Union Pacific 844 was one of 10 locomotives that were ordered by Union Pacific in 1944 and were designated as class FEF-3. The FEF-3 class was similar to the earlier FEF-1 and FEF-2 class steam locomotives built by ALCO, as both were designed for passenger service and pulled such trains as the Overland Limited, Los Angeles Limited, Portland Rose and Challenger.
UP 844 was eventually reassigned to freight service when diesel locomotives took over passenger service and operated from 1957 to 1959 in Nebraska as a heavy duty mixed traffic unit, and was eventually retired from primary service and used as a snowplow along the routes between Nebraska and Wyoming; but primarily was situated or stationed at the UP's Bailey Yard terminals in North Platte, Nebraska. It was saved from scrapping in 1960, to whom many employees deemed it would be too expensive to preserve or have it operate in normal service. It was thankfully chosen for restoration, and as of 1962, it is now part of Union Pacific's heritage fleet and is used on company and public excursion trains along with special revenue freight (like with EMD DDA40X unit #6936, another heritage fleet member).
The FEF-3 (Four Eight Four; 4-8-4) class locomotives were some of the last steam locomotives built by ALCO, and were capable of dual service steam locomotive development, as funds and research were being concentrated into the development of diesel locomotives; hence the FEF Series 4-8-4 steam locomotives were once used to compete with early diesel locomotives.
Like the rest of Union Pacific's FEF Series steam locomotives, UP 844 was originally designed to burn coal, but was later converted to run on No. 5 fuel oil. Some enthusiasts think it could handle 26 passenger cars at over 100 mph (161 km/h) on straight and level track; they would often say it was designed to safely operate up to 120 mph (193 km/h) with its one-piece cast-steel bed frame, 80-inch (2,032 mm) drivers, massive boiler/firebox and lightweight reciprocating parts, which were common on late-era steam locomotives (though, UP's timetables showed a speed limit for steam locomotives of up to 80 mph). Despite these predictions, the FEF-3 truly is (and was) only capable of traveling at up to just over 90 mph.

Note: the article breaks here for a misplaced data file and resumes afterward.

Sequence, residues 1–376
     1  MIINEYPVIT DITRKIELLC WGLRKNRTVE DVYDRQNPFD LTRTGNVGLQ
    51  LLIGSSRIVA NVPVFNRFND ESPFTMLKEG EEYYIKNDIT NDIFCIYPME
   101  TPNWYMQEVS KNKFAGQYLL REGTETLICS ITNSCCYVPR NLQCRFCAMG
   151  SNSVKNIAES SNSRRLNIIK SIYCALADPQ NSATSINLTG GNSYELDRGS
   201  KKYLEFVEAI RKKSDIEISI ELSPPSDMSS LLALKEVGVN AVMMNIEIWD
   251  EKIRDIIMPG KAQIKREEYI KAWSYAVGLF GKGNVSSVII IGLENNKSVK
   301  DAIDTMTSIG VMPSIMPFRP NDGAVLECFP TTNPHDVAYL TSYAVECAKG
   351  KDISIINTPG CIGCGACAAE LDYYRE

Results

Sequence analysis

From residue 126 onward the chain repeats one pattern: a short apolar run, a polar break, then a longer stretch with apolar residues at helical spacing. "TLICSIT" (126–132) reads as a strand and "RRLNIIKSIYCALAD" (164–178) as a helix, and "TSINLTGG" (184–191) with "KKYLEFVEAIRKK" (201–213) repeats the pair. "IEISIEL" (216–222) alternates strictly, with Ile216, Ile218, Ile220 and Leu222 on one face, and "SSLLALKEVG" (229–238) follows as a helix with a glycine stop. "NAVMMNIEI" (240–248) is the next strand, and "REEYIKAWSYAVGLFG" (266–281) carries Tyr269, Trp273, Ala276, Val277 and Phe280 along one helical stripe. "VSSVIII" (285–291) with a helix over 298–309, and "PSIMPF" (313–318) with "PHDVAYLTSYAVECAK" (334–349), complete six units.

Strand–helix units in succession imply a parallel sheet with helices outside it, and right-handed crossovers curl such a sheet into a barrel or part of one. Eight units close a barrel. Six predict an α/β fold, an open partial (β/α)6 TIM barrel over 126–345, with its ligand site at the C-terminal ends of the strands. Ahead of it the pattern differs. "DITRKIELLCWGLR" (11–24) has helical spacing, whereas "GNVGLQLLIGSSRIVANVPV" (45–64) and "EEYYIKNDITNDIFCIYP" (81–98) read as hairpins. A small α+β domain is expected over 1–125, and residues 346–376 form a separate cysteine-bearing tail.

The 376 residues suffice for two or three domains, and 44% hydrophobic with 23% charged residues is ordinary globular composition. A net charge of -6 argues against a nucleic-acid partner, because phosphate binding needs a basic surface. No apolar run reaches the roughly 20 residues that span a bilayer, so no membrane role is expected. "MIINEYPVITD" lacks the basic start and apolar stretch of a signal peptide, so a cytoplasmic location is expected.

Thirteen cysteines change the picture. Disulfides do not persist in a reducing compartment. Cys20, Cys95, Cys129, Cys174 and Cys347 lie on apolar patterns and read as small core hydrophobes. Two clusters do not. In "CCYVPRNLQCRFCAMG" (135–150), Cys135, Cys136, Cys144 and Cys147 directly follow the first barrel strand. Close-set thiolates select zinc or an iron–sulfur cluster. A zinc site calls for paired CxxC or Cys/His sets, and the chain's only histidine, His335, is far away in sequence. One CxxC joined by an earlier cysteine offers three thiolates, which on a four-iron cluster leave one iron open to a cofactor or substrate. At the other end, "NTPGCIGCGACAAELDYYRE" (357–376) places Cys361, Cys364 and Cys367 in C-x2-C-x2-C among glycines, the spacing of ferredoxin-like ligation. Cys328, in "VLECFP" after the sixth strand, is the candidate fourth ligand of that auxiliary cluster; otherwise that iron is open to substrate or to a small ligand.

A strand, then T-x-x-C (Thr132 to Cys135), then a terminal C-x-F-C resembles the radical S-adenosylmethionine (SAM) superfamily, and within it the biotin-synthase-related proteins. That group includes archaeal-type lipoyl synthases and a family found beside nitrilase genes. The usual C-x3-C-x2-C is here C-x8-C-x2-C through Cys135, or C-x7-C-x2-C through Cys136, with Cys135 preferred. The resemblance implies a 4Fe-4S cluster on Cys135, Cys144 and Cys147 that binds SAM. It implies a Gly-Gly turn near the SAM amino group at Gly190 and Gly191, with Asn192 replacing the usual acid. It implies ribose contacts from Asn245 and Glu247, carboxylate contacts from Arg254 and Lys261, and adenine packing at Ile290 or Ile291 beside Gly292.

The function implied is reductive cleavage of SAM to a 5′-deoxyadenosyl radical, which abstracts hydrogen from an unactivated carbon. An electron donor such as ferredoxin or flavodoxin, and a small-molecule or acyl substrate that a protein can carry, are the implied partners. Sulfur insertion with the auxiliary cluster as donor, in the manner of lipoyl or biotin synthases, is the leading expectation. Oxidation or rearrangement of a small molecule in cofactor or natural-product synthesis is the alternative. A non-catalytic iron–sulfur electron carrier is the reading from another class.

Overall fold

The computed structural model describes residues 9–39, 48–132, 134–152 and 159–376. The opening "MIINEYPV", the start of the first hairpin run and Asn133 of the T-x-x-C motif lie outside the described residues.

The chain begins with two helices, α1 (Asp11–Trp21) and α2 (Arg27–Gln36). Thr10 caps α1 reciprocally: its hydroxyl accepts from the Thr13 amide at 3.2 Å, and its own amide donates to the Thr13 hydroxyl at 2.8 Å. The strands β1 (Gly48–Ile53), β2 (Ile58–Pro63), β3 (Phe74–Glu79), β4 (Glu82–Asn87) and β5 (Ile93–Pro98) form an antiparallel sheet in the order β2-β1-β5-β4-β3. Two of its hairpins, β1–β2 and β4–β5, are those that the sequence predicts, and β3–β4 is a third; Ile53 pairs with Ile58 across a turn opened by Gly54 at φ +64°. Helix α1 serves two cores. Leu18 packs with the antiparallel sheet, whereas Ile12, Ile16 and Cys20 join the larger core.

The FEF-3 also introduced smoke deflectors, and were also eventually equipped with some of the other FEF units owned by the UP (such as the FEF-1 and FEF-2).
|Weight:||907,980 lbs. or 454 tons Engine & Tender|
|Length:||114 ft. 2-5/8 in. Engine & Tender|
|Water Capacity:||23,500 gallons|
No. 5 oil
|Gauge of Track:||4 ft. 8-1/2 in.|
|Cylinder:||Diameter: 25 in.|
Stroke: 32 in.
|Driving Wheel Diameter:||80 in.|
|Boiler:||Inside Diameter: 86-3/16 in.|
Pressure: 300 lbs.
|Fire Box:||Length: 150-1/32 in.|
Width: 96-3/16 in.
|Tubes:||2-1/4 in. Diameter: 198 x 19 ft. 0 in.|
5-1/2 in. Diameter: 58
|Wheel Base:||Driving: 22 ft. 0 in.|
Engine: 50 ft. 11 in.
Engine & Tender: 98 ft. 5 in.
|Weight in Working Order,|
Fire Box: 442
Circulator & Arch Tubes: Removed, 1945
|Grate Area:||Removed, 1945|
|Maximum Tractive Power:||63,800 lbs.|
- UP 844 had its original number disposed (or renumbered) to 8444 from 1962 to 1989 when it was first began operating excursions due to an E.M.D. GP-30 diesel locomotive with the same ironic number (the lesser-known GP-30 counter-part is preserved as of today at the Nevada State Railroad Museum). Upon the retirement of the GP-30, the steam locomotive regained its respective number. As of today there's a UP EMD SD70ACe with the number 8444.
- UP 844 also briefly wore an exclusive passenger scheme that FEF-2 and FEF-1 units once wore.
- Ironically, UP 844 derailed during the final excursion for the 150th anniversary celebration of the Union Pacific.
- In 2011, 844 operated several excursions throughout New Mexico and Arizona (aside from parts of Nevada and Texas) to celebrate New Mexico and Arizona's "Centennial" celebration events.
- During 2007, UP 844 double-headed several excursions with SP 4449.
- UP 838 (another member of the FEF-3 Class) is another 4-8-4 preserved at the UP's Cheyenne, Wyoming roundhouse (UP 844's main home) and is primarily used as a basis for spare parts to use with 844. The smokebox, headlights, bell, whistle, and boiler plates have been used or swapped with 844.
- In 2010 The 844 hauled the LCCA Steam Train Special while its tender was reletter "Lionel Lines" to celebrate Lionel's 110 anniversary.
- In 1984 The engine traveled to New Orleans to become the Union Pacific's display at the World's Fair.
- In June 2013, the red Mars Headlight was removed from the engine and stored because the bolts that held it in place beginning to fail.
- As of 2015 844 would be receiving an early 15-year inspection and is expected to return to service either by late 2015 or 2016.
- From 1987 to 1996 the locomotive was repainted Two Tone Grey with Yellow Strips.
- As of 2016, No. 844 has returned to operation after an early 15-year inspection.
- 844 is famous for her film history she has been on Trains Unlimited, Ghost Trains of the West, Shining Time Station, Extreme Trains, Grandpa Worked On The Railroad, Train Adventures for Kids, Running a Steam Locomotive Vol. 2, Steam Giants Across America, Railfair 91, Steam in St. Louis 1990, The 100 Engine Tape, St. Louis 1990 NRHS Convention, Eighty Four Forty Four, and most recently in the music video for Last Train Home.
- The locomotive was another choice to pull the American Freedom Train but she didn't pull the train. However she double-headed with the 4449 while wearing the American Freedom train paint scheme in 1975 to Cheyenne. 8444's overhaul had been rushed to completion for possible use on the AFT in case #4449 could not be repaired quickly.